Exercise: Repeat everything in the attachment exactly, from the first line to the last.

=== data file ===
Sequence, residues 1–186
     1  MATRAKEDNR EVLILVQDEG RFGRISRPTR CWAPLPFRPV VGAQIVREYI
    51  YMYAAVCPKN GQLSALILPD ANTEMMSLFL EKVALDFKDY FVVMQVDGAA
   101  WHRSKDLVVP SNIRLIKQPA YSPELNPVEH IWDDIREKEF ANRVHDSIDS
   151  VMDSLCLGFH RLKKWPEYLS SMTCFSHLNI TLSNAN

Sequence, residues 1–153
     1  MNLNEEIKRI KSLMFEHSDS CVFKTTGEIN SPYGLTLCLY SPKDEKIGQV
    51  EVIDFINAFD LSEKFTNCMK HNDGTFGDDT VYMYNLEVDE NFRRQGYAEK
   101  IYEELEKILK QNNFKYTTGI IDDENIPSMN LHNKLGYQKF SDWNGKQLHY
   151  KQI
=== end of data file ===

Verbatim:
Sequence, residues 1–186
     1  MATRAKEDNR EVLILVQDEG RFGRISRPTR CWAPLPFRPV VGAQIVREYI
    51  YMYAAVCPKN GQLSALILPD ANTEMMSLFL EKVALDFKDY FVVMQVDGAA
   101  WHRSKDLVVP SNIRLIKQPA YSPELNPVEH IWDDIREKEF ANRVHDSIDS
   151  VMDSLCLGFH RLKKWPEYLS SMTCFSHLNI TLSNAN

Sequence, residues 1–153
     1  MNLNEEIKRI KSLMFEHSDS CVFKTTGEIN SPYGLTLCLY SPKDEKIGQV
    51  EVIDFINAFD LSEKFTNCMK HNDGTFGDDT VYMYNLEVDE NFRRQGYAEK
   101  IYEELEKILK QNNFKYTTGI IDDENIPSMN LHNKLGYQKF SDWNGKQLHY
   151  KQI